Of particular significance, it seems to me, in the resolution of the issue of liability is the account which the plaintiff gave in the immediate aftermath of the accident when treated by the ambulance officers.  This is in my view consistent with his account in court.  The marks on the roadway are also, it would seem to me, consistent with that account and contrary to the suggestion that the vehicle simply failed to take the curve and ran off the road.  The marks show the vehicle out of control and moving at an angle across the roadway”.

Relevant principles

[50] The principles that govern the scope of appellate review of a decision of a trial judge who accepts the evidence of a witness and whose decision is thus based on a finding of credibility were recently considered by the High Court in the decision of Fox v Percy.[3]  In that case, Gleeson CJ, Gummow and Kirby JJ[4] reiterated the need for appellate respect for the advantages of trial judges, “especially where their decisions might be affected by their impression about the credibility of witnesses whom the trial judge sees but the appellate court does not”, although reaffirming that this approach did not derogate from the obligation of appellate courts of weighing conflicting evidence and drawing their own inferences and conclusions.  Their Honours referred to a series of High Court decisions[5] setting out this principle, including Devries v Australia National Railways Commission,[6] where the principle was encapsulated in the following statement:

“More than once in recent years this Court has pointed out that a finding of fact by a trial judge, based on the credibility of a witness, is not to be set aside because an appellate court thinks that the probabilities of the case are against – even strongly against – that finding of fact.  If the trial judge’s finding depends to any substantial degree on the credibility of the witness, the finding must stand unless it can be shown that the trial judge has failed to use or has palpably misused his advantage or has acted on evidence which was inconsistent with facts incontrovertibly established by the evidence or which was ‘glaringly improbable’.”

[51] In a separate judgment McHugh J[7] also affirmed the approach in cases such as Devries and noted the distinction between cases which concerned the approach of an appellate court in drawing inferences from facts admitted or found by the trial judge and cases such as Devries concerning the approach of an appellate court where the trial judge had made a finding as the result of accepting the oral evidence of a witness that other evidence contradicted.  His Honour stated that:[8]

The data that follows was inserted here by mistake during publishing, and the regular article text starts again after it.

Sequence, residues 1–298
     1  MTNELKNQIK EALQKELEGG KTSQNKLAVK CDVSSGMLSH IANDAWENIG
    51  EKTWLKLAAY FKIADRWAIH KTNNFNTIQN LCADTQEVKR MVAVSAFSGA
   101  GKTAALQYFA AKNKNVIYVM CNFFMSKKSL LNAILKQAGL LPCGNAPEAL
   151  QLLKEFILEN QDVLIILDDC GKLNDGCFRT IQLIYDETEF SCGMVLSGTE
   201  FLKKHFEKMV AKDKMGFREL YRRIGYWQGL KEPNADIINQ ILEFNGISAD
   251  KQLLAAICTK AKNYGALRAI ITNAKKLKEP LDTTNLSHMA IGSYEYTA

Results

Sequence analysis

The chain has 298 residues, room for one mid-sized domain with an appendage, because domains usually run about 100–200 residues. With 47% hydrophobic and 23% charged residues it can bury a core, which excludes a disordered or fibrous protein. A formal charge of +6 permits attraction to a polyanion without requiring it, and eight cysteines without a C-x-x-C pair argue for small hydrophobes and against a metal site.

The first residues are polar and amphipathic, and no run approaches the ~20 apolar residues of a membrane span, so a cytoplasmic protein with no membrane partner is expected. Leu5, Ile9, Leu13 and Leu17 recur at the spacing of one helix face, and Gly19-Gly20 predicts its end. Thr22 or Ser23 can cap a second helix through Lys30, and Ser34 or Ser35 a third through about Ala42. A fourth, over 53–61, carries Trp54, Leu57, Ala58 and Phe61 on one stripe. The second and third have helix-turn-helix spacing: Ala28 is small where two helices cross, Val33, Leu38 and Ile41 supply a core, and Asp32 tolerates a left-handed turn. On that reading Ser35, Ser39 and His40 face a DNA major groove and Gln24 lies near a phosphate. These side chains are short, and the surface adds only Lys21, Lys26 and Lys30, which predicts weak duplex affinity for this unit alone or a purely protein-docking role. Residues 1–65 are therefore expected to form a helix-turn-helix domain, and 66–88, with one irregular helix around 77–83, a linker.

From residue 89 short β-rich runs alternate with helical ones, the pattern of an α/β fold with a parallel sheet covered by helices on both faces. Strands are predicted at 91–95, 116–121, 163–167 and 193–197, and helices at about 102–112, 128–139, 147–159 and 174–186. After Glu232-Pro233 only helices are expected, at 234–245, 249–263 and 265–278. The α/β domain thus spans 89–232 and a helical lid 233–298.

“The distinction between the two classes of case is fundamental and almost always decisive.  It was recognised by this Court in Brunskill where the Court said:

“The authorities have made clear the distinction which exists between an appeal on a question of fact which depends upon a view taken of conflicting testimony, and an appeal which depends on inferences from uncontroverted facts.”

[52] However, McHugh J also observed that:[9]

“It is a serious mistake to think that anything said in Abalos or Devries necessarily prevents an appellate court from reversing a trial judge’s finding when it is based, expressly or inferentially, on demeanour.  Those cases recognise – in accordance with a long line of authority – that it may be done.  But there must be something that points decisively and not merely persuasively to error on the part of the trial judge in acting on his or her impressions of the witness or witnesses.  Recently in State Rail Authority (NSW) v Earthline Constructions Pty Ltd (in liq), for example, this court held that undisputed and documentary evidence was so convincing that no reliance on the demeanour of witnesses could rebut it.”

[53] This is not a case where the appellant alleged that the respondent’s evidence was inconsistent with incontrovertibly established facts.  Rather, the appellant contended that the learned trial judge failed to use or palpably misused his advantage.  It was submitted that the learned trial judge did not properly consider all the evidence and did not properly deal with several inconsistencies in the respondent’s evidence which it was said undermined its reliability.  In this respect it was argued that, having seen the respondent give his evidence and having heard evidence which contradicted the respondent’s evidence, his Honour failed to adopt a cautious approach to the assessment of the respondent’s evidence and failed to give an explanation as to how he nevertheless found the respondent’s evidence reliable in the circumstances.  It was contended by the appellant that when all of the inconsistencies were taken into account, the trial judge could not rationally have accepted the respondent’s account as to how the accident occurred.  In those circumstances, it was submitted that his Honour misused or failed to use his advantage and reached a decision which was glaringly improbable and therefore susceptible to appellate correction on the basis of the principles mentioned above.

Is the trial judge’s decision on liability sustainable?